Subspecialty News: Anesthesia, Sleep and Pain

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August 1, 2013 Volume 77, Number 8
Subspecialty News: Anesthesia, Sleep and Pain David R. Hillman, M.D., President, Society of Anesthesia and Sleep Medicine

“State” refers to a mode or condition of being. Anesthesia and sleep are examples. As state-based (rather than organ-based) medical specialities, the considerations of anesthesiology and sleep medicine are broad, encompassing all organ systems. While there is much other common ground between them, some of the most important concerns shared by the two specialties relate to a third state – the state of pain. The perioperative period provides a context in which these concerns are paramount, as adequate analgesia, restorative sleep and uncompromised ventilation are basic postoperative aims which must be carefully addressed to resolve potential conflicts between them. These issues provide themes for the upcoming annual meeting of the Society of Anesthesia and Sleep Medicine (SASM) in San Francisco on October 11 and 12, 2013.

Perioperative pain disturbs sleep and ventilation. Controlling it requires strategies that either circumvent the need for opioids and other sedating drugs or, where they are used, ensure that analgesia is achieved without undue depression of respiration or arousal responses.

The relationship between pain and disturbed sleep is bi-directional. Pain disturbs sleep and disturbed sleep appears to exacerbate pain, probably through central sensitization.1 Fibromyalgia is a condition that appears to involve such a mechanism, with neuropathic pain a common feature and sleep disturbance ubiquitous.2,3 Significant insomnia is seen in over half of patients with chronic back pain and almost 90 percent of pain patients have at least one sleep complaint.4,5 Pain complaints and sensitivity to heat stimuli increase in sleep- restricted volunteers; these effects are reversed by catch-up sleep.6,7 Self-reported short sleepers have reduced thresholds to noxious stimuli.8

Interestingly, melatonin – the hormone of sleep – appears to have a positive impact on pain. It may help reduce pain and sleep disturbance in fibromyalgia and other chronic pain syndromes.9 There is some evidence to suggest management of sleep disorders may improve pain symptoms.10

Almost 80 percent of patients undergoing chronic opioid treatment for non-malignant pain have sleep-disordered breathing, severely so in half of these.11,12 It can be obstructive and/or central in nature. The central component may involve hypoventilation or breathing periodicity. Irregular (ataxic) breathing patterns are commonly seen during sleep in patients taking opioids. Opioid-related suppression of arousal responses increases vulnerability of such patients to prolonged events during sleep or sedation.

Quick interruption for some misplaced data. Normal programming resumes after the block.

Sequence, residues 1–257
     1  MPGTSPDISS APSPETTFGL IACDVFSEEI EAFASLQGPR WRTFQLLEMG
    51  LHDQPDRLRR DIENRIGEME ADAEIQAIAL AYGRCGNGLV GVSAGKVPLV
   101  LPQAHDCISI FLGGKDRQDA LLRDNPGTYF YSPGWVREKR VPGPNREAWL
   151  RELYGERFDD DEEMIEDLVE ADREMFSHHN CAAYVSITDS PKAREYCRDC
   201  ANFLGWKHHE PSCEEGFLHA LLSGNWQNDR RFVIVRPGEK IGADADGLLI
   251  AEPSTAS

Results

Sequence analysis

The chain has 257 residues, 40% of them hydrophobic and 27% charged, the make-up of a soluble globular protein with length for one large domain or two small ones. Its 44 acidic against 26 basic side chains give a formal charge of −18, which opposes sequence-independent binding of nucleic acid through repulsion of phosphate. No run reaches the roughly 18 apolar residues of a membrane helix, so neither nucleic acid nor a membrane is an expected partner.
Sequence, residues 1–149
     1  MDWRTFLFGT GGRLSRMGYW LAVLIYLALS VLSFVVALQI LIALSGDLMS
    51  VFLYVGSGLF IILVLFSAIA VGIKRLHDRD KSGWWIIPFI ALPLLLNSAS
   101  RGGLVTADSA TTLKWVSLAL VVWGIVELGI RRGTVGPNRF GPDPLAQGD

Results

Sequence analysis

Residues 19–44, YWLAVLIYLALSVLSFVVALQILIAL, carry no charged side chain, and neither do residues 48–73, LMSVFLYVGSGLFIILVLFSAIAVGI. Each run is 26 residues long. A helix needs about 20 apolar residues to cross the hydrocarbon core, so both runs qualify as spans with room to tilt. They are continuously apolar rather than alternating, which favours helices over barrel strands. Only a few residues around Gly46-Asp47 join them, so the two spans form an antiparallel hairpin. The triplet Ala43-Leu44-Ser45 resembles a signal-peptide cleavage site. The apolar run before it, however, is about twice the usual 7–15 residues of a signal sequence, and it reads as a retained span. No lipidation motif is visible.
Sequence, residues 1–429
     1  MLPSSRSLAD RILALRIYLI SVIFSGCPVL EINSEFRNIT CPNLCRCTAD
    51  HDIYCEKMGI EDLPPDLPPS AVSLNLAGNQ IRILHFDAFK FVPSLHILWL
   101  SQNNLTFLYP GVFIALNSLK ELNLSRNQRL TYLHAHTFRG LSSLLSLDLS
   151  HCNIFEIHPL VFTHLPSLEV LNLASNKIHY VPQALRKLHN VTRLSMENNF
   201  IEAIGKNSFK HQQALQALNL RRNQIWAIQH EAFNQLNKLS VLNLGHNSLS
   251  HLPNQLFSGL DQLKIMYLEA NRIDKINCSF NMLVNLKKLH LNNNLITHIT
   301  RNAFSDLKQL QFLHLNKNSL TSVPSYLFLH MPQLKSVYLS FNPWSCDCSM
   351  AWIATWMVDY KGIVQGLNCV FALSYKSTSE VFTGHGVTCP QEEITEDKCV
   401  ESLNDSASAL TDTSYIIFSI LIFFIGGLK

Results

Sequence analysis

Non-invasive positive airway pressure therapies have much to offer these patients during sleep: continuous positive airway pressure for obstructive sleep apnea; bi-level ventilatory support for sleep hypoventilation; and a newer mode – adaptive servo ventilation (ASV) – for breathing periodicity. ASV increases pressure support during the waning/hypoventilatory phase of periodic breathing and decreases it during waxing/hyperventilatory phase. This varying pressure support reduces the variability in ventilation, which counteracts the self- perpetuating source of the instability itself – the changing CO2 set point for ventilation between the high thresholds of sleep (which encourage hypoventilation) and the lower thresholds that accompany the arousals often seen during the hyperventilatory phase.

This is a rich mix of considerations that are of the first importance to anesthesiologists and to sleep physicians. Needless to say, that makes them core business for SASM. Acute aspects are going to receive close attention at our 2013 Annual Scientific Meeting on October 10-11 in San Francisco immediately before the ANESTHESIOLOGYTM 2013 annual meeting. Our meeting theme is “Opioids, Respiratory Depression and Sleep Disordered Breathing: Perioperative Implications.” We have assembled an expert faculty and the meeting will present a stimulating and relevant examination of these inter-related problems. Details are available on our website ( Please note that Thursday will be devoted to workshops and Friday to the main body of the presentations, so for those who get in late, Friday is complete in itself. The society dinner on Thursday evening will feature Dr. Ralph Lydic as guest speaker with Jane C.K. Fitch, M.D. the ASA President-Elect, joining us as a special guest. We hope you will join us.

David R. Hillman, M.D. is Head, Department of Pulmonary Physiology and Sleep Medicine, Sir Charles Gairdner Hospital, and Director, West Australian Sleep Disorders Research Institute, Perth, Western Australia.


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